- “Illinois trial lawyers take a swing at youth baseball” [Curt Mercadente, Illinois Civil Justice League]
- Luzerne County, Pa. scandal: “Court Filing Says Former Judge Met With Felons Twice a Month” [Legal Intelligencer]
- You’d think Obama could find some person without major-league trial lawyer connections for the cabinet seat on health, but you’d be wrong [Wood, PoL, on Kathleen Sebelius, and earlier on Tom Daschle]
- Remember the many times when town officials do or say something arguably racist and the U.S. Department of Justice opens an investigation? Doesn’t seem to happen with the Detroit City Council [Nolan Finley, Detroit News]
- Copyright enforcement doesn’t scale and that’s another reason its future looks bleak [David Post @ Volokh]
- Thought it wasn’t going to happen? “Some Passengers Mull Lawsuits Over Life-Saving US Airways Crash-Landing” [ABA Journal, WSJ law blog, earlier here and here]
- Sex shop that suddenly appeared in genteel Old Town Alexandria, near D.C. is sort of the zoning equivalent of a spite fence [WaPo]
- Claim of British researchers: lawyers’ IQ-point edge over general public has declined over last decade [The Lawyer]
P.S. Or, as Ray Lehmann suggests, this could be a brilliant Obama scheme to balance the federal budget by exposing major tax scofflaws through the nomination process.
Sorry, docs: former South Dakota Senator Tom Daschle, reported as Obama’s HHS pick and indeed a “health czar” charged with pushing comprehensive health care reform through Congress, was known as a particularly close ally of the trial lawyers as Majority Leader, and drew on them as his most important donors in his final (2004) race. In 2004 he won an award from the New York Trial Lawyers Association for his work in blocking liability reform at the national level. (CNN, Patterico, American Prospect).
More from Carter Wood who notes the NAM vote tabulation: “On the identified 10 votes [between 1999 and 2004], Sen. Daschle voted against the tort-reform position 10 times. (Included were four health-care, medical liability-related votes.)” (& Dr. Wes).
As a number of commentators have noted (e.g. Brett Kittredge @ Majority in Mississippi, Alan Lange @ YallPolitics), Booneville attorney Joey Langston, who just entered a guilty plea on charges of judicial corruption, is someone accustomed to throwing the weight of his pocketbook around in Mississippi politics. In particular, he has been among the biggest donors to incumbent Mississippi attorney general Jim Hood, even as Hood employed Langston and partner Tim Balducci on contract to handle the controversial MCI tax bill negotiations, with their resulting $14 million legal fees payable to Langston et al, and the potentially very lucrative Zyprexa litigation.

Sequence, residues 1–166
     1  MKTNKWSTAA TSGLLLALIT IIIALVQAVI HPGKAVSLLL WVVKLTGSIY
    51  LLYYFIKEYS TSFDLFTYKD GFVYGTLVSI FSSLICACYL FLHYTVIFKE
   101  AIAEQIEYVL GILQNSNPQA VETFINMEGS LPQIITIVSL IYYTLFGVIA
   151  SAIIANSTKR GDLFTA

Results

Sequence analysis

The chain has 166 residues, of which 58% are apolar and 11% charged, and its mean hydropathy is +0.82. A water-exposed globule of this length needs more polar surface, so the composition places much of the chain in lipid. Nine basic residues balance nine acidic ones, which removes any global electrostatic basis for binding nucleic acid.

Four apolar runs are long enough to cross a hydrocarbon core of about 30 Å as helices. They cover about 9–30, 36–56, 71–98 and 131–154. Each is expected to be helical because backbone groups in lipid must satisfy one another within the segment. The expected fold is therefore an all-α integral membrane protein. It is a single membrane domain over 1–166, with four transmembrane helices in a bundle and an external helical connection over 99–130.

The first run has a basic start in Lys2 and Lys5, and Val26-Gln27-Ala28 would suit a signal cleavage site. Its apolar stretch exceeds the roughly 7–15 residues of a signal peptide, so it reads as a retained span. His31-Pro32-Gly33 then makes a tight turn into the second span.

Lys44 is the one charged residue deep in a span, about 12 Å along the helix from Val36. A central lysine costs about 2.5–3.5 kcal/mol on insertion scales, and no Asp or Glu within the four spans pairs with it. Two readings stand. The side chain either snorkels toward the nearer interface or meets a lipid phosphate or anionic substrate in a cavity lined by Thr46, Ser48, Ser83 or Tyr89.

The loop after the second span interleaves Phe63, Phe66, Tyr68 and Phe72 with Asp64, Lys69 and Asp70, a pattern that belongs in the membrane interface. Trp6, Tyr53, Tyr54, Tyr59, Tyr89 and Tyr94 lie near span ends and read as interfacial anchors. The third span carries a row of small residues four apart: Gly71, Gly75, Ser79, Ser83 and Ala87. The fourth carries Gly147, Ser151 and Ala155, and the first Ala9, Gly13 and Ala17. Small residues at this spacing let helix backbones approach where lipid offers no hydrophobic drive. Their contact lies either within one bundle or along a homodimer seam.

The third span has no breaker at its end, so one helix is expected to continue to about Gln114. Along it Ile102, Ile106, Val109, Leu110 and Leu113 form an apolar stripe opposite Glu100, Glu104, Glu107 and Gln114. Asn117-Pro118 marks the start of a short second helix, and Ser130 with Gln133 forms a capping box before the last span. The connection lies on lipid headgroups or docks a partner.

Equally interesting in some ways, however, are Langston’s activities on the national political scene. To take just one example: this CampaignMoney.com listing tabulates the top “527” contributions to a group called the Democratic Attorneys General Association, whose political and electoral mission is implied by its name. In the listing, two donors are tied for first place, with contributions of $100,000 apiece. One is the large Cincinnati law firm of Waite Schneider Bayless Chesley, associated with one of the country’s best-known plaintiff’s lawyers, Stanley Chesley. The other $100,000 contribution is from Joey Langston.
In presidential politics, Langston has recently been a repeat donor to the quixotic (and, since Iowa, defunct) campaign of Sen. Joseph Biden (D-Del.), a lawmaker whose high degree of seniority on the Senate Judiciary Committee makes him important to ambitious lawyers whether or not he ever attains the White House. When the Scruggs scandal was still in its early stages, the WSJ law blog (Dec. 10) noted that two key figures in the affair, Tim Balducci and Steve Patterson, were strong backers of the Biden campaign: “Their bet on Biden was that he wouldn’t win the presidency but would become Secretary of State under a Hillary Clinton administration, according to two people familiar with their thinking.” The Journal reprinted (PDF) an invitation to an Aug. 10, 2007 fundraising reception for Biden at the Oxford (Miss.) University Club, sent out above the names of six hosts, three of whom (Scruggs, Balducci and Patterson) were soon indicted. Scruggs, of course, is better known for his support of Mrs. Clinton, a fundraiser for whom he had to cancel after the scandal broke.
Campaign-contributions databases such as OpenSecrets.org and NewsMeat indicate that Langston has been a prolific and generous donor to incumbent and aspiring Senators across the country, mostly Democrats (Murray, Cantwell, Daschle, Nelson, etc.) but also including a number of Republicans who might be perceived as swing votes or reachable, such as Sen. Lindsey Graham (S.C.), Susan Collins (Me.), and Arlen Specter (Penn.)
Incidentally, some critics have intimated that Langston’s generous support to DAGA, the Democratic Attorneys General Association, should actually be interpreted as a roundabout gift to Hood, who was the beneficiary of interestingly timed largesse from DAGA. It does not appear, however, that any of the parties involved — Langston, Hood or DAGA — have acknowledged any connection between the timing of the donations (& welcome Michelle Malkin, David Rossmiller, YallPolitics readers).
[Second of a two-part post. The first part is here.]